Should Women Brag More? Either Way, We're Bragging About These Women-Owned Businesses
45 small, women-owned businesses for you to support this holiday weekend
Just last week I talked about — or rather, complained about — how women are often told to do things more like men in order to succeed in a male-dominated world, while men are rarely told to act more like women (stereotypically speaking, of course).
And then this week, I stumbled across yet another article suggesting just that: "Women's Key to Business Success - Bragging More."
"Why?!" I wanted to scream internally — when it comes to self-promotion vs. humility, I'll always side with the latter. Surely, we could write a different article suggesting that men who are too confident in their business ideas for their own (or society's) good should brag less. Or perhaps more practically, we could suggest that other evaluation criteria be used in order to allow women's accomplishments to stand for themselves, rather than simply rewarding whomever is best at talking themselves up.
But alas, I know that's not how the world works (at least not yet), so I decided to actually read the article to better understand the author's point. Lisa Curtis is herself an entrepreneur and she thinks a fear of self-promotion is holding women back in business. The Self-Promotion Gap surveyed a nationally representative group of 1,000+ adults in the U.S. and found that:
- A majority of women avoid talking about their strengths and accomplishments.
- 69% of women would rather minimize their successes than tell people about them, even though 83% of women reported being inspired by hearing about other women's accomplishments.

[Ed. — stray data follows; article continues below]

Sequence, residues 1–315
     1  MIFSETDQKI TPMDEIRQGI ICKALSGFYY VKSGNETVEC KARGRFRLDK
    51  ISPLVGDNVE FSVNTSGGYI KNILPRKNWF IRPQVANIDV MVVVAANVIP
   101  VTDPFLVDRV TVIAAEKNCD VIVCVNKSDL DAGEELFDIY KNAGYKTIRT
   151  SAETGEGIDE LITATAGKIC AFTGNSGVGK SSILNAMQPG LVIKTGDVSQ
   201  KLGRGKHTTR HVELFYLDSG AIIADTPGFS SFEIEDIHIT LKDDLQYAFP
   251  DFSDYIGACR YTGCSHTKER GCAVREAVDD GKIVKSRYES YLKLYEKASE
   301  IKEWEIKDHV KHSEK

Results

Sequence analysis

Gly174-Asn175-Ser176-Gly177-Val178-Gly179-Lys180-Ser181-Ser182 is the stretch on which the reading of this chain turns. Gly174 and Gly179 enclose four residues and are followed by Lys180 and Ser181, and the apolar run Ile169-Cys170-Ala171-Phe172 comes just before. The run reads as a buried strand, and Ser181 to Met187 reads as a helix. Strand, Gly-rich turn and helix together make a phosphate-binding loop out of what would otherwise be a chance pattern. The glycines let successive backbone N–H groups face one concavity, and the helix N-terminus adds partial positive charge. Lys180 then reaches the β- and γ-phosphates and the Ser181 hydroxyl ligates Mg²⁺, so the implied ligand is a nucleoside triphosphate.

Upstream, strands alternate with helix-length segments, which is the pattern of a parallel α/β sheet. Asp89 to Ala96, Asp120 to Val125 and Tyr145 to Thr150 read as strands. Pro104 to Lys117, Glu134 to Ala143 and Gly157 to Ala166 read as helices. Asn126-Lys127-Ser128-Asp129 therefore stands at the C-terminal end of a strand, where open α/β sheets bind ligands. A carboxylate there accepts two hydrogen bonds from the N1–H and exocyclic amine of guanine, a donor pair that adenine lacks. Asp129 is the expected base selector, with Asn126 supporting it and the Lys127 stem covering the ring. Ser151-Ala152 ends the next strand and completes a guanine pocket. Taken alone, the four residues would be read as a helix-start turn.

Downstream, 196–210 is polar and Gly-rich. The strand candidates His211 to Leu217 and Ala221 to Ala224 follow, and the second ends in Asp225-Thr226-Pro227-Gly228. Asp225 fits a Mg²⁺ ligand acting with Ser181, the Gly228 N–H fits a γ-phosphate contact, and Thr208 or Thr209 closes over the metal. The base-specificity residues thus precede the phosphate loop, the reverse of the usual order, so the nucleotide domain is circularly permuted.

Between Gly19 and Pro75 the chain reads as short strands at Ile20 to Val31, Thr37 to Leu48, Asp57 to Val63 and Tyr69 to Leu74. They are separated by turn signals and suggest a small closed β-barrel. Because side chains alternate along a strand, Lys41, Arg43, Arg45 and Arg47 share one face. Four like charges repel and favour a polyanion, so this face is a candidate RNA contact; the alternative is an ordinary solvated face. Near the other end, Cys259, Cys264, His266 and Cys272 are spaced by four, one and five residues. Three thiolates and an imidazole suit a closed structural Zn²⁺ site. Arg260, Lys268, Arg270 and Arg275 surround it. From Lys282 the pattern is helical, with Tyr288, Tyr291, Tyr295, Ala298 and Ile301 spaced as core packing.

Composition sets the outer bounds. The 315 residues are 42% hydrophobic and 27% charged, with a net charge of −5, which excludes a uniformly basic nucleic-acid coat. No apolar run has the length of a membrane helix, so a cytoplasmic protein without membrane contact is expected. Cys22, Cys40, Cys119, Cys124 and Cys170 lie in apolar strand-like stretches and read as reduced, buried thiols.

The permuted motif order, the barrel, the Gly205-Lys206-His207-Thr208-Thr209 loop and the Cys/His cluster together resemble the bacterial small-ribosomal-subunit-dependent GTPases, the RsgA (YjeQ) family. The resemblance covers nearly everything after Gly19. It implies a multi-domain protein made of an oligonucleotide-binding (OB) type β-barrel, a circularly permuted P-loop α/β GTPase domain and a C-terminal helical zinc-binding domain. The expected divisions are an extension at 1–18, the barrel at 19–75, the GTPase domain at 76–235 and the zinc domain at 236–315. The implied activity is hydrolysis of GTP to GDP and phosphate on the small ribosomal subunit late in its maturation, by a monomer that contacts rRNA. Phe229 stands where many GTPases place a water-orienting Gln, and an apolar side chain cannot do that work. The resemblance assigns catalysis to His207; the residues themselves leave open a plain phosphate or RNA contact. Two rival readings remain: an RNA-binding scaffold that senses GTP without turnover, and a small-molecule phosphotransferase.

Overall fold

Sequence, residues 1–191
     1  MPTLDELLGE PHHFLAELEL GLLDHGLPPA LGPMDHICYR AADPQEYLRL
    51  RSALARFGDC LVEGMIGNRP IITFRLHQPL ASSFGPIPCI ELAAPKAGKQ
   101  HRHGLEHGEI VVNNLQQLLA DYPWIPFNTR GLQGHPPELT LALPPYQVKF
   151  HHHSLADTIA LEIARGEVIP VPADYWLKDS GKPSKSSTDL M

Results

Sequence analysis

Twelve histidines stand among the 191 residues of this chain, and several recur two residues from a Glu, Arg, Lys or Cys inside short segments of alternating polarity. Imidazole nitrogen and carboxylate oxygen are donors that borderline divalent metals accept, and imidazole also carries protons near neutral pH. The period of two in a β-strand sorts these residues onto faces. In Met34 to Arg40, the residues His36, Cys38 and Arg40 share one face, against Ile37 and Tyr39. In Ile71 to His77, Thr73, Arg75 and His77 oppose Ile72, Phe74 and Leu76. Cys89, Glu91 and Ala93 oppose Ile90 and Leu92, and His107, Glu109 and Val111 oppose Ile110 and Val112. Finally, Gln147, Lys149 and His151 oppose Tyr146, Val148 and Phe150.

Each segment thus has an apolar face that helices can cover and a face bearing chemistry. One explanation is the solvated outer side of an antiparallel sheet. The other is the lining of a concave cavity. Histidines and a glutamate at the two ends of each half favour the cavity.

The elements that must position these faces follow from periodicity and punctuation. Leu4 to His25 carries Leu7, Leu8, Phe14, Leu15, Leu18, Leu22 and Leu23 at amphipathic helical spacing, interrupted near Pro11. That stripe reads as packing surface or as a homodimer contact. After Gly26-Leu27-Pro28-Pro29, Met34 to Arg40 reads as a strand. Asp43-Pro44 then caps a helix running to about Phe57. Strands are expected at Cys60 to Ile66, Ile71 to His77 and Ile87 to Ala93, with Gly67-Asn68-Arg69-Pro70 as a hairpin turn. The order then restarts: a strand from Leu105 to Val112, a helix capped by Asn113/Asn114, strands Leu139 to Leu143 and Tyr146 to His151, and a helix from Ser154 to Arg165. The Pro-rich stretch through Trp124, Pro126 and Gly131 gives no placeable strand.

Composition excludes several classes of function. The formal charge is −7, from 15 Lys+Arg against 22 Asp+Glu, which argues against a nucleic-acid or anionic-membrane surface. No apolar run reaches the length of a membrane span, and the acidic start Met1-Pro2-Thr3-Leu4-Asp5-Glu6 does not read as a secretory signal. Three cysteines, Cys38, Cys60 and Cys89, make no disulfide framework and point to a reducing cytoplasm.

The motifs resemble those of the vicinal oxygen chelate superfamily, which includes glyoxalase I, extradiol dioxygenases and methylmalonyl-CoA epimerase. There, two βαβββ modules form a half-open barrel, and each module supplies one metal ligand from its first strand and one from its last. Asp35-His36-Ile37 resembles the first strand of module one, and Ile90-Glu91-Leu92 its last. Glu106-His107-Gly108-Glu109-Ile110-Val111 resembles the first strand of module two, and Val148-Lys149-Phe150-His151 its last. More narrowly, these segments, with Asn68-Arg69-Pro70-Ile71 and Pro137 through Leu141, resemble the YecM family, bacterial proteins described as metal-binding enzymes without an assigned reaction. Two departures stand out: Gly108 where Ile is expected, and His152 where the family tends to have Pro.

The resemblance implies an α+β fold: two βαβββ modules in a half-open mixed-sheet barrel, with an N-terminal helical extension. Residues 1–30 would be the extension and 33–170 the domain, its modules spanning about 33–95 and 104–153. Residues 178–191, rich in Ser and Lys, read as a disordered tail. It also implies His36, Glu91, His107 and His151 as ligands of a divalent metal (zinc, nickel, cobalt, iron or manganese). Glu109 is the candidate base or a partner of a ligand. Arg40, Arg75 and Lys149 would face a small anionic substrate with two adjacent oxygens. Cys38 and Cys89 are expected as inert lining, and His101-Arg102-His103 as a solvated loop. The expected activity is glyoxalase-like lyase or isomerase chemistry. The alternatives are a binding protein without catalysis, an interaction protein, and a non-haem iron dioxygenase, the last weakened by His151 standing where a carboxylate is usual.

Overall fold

- Older women are 20% more likely to want to downplay their accomplishments than younger women.
Curtis contends that, "While humility is a trait with many virtues, it is not a helpful one in the field of entrepreneurship... Most investors, particularly at early-stages, are investing more in the founders than the idea or product. The more impressive the founder makes herself out to be, the more likely she'll be successful in raising the money she needs to scale."
She goes on to argue that this is likely one of the reasons women start companies at a rate 1.5 times higher than the national average, but male-owned businesses receive 23 times more VC funding. Woah. Serious food for thought.
There will always be a fine line between humility and self-deprecation; self-confidence and arrogance. But wherever you come down on the great bragging debate (and the self-confidence and self-promotion gaps), it's clear that we need to do more to support female founders.
If that means encouraging women to feel more comfortable talking (or "bragging") about their accomplishments, then great. But I think it should also mean supporting other women by lifting each other up. If you're talking with someone who seems to be uncomfortable sharing their accomplishments, try saying something like, "I'm really interested in hearing more about your career and successes. What's something you've done lately that you're really proud of?"
And, perhaps most importantly of all, brag about all the amazing and impressive women you know! After all, it's not really bragging if you do it for somebody else — it's called giving a compliment. And it's wonderful.
So in the spirit of women bragging on behalf of other women, we're sharing 45 small, women-owned businesses for you to support this holiday shopping weekend. Ditch the big box stores and give these small businesses a try on Cyber Monday! (And don't forget to share your favorite women and minority-owned businesses in the comments!)
45 Small, Women-Owned Businesses to Support This Holiday Season
For foodies, winos, and coffee/adult-beverage enthusiasts:
For personal, unique, and affordable holiday gifts:
For the kiddos:
For clothing/accessories to help you look and feel your best:
- The Hook Nook https://www.thehooknooklife.com/shop
- Rooted Soles https://www.rootedsoles.com/
- Teressa Foglia https://teressafoglia.com/
- Feminist Apparel https://www.feministapparel.com/
- Bandolier https://www.bandolierstyle.com/
- Rebel Soul Collective https://rebelsoulco.com/
- Williamokpo - https://www.instagram.com/williamokpo/
- Made By Malyia - https://www.instagram.com/madebymalyia/
- Melanie Marie - https://www.instagram.com/_melaniemarie_/
- Kahmune - https://www.instagram.com/kahmune/ - https://www.instagram.com/carmenjamdiego/
- Lost Queens - https://www.instagram.com/lost.queens/
For skincare, healthcare, and self-care:
- Petal and Hive https://petalandhive.com/